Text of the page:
We ask you, then, dear reader: why is CAR membership still considered “standard practice”?
The acceptance of arbitration as a “standard practice” is transmitted through the ideological intermediary of CAR. Unlike first tuesday, CAR includes a binding arbitration provision in its real estate purchase agreement (among other forms!).
Real estate professionals have become inculcated with the notion that arbitration is faster, cheaper and more effective. This is the rhetoric that rains down from the Very Serious Persons at the top of the trade union. It’s just “coincidental” that arbitration tends to benefit those at the top of the corporate structure.
Buyers, sellers and agents, on the other hand, suffer from:
- frequent misapplication and misinterpretation of the law;
- erroneous awards;
- a bar to discovery in preparation for hearings;
- waiver of the right to judicial review to be assured a fair decision; and
- a lack of legal precedent produced – case law – to guide future conduct of buyers, sellers, brokers and agents.
This final point is truly at the core of a reasonable opposition to arbitration. The results of arbitration hearings are not considered legal precedent. Without meaningful additions to the corpus of real estate case law, the law becomes stagnant and fails to best serve the people.
In the interest of encouraging dynamic real estate law, as well as to best protect buyers and sellers, all first tuesday purchase agreements include mediation provisions. Mediation is, indeed, the faster and cheaper alternative to arbitration or litigation.
Under mediation, neither the agent nor the clients forgo their rights to judicial review if the parties are unable to come to a resolution during mediation. Constitutional rights remain intact, for those that care. In cases of great import or complexity, the legal system remains at hand to properly adjudicate the dispute.
Solving the mysteries of “moral hazard”
We can resolve this misconception with one sentence: moral hazard does not exist in matters concerning the mortgage trust deed. Thus, the so-called strategic default as well as the cramdown are both viable, rational solutions to an economic problem. No morals involved; it’s mortgage law, period.
The California trust deed is a highly evolved legal document that makes perfect economic sense when it comes to anti-deficiency laws and the buyer’s put option provision .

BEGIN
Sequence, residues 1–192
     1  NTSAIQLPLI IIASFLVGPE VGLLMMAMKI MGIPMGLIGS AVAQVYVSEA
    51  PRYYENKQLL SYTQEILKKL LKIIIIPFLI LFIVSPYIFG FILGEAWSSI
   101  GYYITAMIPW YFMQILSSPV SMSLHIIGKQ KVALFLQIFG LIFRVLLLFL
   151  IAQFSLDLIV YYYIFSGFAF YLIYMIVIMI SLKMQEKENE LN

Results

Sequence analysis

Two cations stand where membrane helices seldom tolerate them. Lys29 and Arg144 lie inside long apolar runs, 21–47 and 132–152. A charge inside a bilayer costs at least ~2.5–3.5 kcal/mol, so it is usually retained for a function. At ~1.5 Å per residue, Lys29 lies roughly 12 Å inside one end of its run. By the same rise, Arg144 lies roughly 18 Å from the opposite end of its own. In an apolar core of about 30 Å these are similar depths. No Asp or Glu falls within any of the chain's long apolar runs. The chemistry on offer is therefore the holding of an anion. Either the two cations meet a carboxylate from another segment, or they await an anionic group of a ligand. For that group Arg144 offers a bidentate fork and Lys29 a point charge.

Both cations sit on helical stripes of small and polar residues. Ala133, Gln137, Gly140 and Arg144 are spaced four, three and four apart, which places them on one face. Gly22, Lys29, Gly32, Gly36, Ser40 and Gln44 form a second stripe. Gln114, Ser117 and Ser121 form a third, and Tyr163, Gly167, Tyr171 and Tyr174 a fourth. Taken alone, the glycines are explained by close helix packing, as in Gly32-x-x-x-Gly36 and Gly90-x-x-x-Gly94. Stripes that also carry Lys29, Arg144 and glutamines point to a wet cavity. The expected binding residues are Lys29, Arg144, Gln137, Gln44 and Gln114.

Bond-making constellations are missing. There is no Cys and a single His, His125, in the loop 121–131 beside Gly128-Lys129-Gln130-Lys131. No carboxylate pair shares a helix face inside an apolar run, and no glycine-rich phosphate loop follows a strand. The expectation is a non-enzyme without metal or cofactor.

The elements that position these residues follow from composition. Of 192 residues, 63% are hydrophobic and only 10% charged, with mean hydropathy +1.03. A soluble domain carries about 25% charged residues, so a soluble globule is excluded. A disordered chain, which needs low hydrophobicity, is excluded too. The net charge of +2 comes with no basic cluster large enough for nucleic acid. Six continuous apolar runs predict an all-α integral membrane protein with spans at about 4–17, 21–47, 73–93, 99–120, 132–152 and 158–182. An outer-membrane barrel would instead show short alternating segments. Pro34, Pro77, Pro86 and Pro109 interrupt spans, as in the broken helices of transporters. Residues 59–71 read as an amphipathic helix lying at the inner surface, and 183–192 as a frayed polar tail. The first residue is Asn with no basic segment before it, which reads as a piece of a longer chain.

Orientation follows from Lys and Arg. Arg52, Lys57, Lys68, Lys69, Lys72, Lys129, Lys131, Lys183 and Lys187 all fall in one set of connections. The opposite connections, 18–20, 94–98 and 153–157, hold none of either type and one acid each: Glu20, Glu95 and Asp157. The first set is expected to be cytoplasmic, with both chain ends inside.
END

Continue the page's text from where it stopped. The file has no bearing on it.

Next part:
Editor’s note — Although the trust deed fully addresses the issue of buyer default as a put option to force the lender to buy the property, it is not perfect in our eyes. Currently, the trust deed includes a due-on sale clause, which eliminates the seller’s right to convey their property subject to the trust deed, along with its interest rate, upon a sale to a buyer.
Thus, when interest rates inevitably rise, lenders will impede the flow of real estate transactions by discouraging sales. first tuesday has covered this issue thoroughly over the past four decades. For our most recent critique of the due-on sale clause, see our January 2012 article, The due-on time bomb.
The loudest Very Serious Person condemning cramdowns belongs to the Federal Housing Finance Agency (FHFA) director Ed DeMarco. DeMarco takes a theological attitude toward the issue of housing finance, insisting that reducing principal balances on Frannie-owned loans will trigger a wave of intentional defaults, leading to financial Armageddon. DeMarco continues to insist on the moral hazard of cramdowns even after the FHFA released a study detailing the benefits of widespread principal reductions.
Do not let it be forgotten that Congress, in 2005, revoked bankruptcy court judges’ authority to cram down a mortgage to the market value of the SFR. In turn, the right was also taken away from homeowners whose negative equity renders them insolvent — more debts than assets. Thus, one’s underwater home becomes their debtor’s prison.
This is truly where our argument comes full circle. Those who decry the cramdown will now be quick to cite rising home prices in 2012 as the ultimate solution to the ongoing negative equity crisis. The thinking is that property values will rise to meet a healthy loan-to-value ratio (LTV) for those who are chained to their single-family prisons.
However, if the current price level (particularly for low-tier homes) is viewed rationally for what it is (the short-lived result of speculator activity), it’s clear that negative equity still remains an unsolved long-term crisis that has yet to be addressed.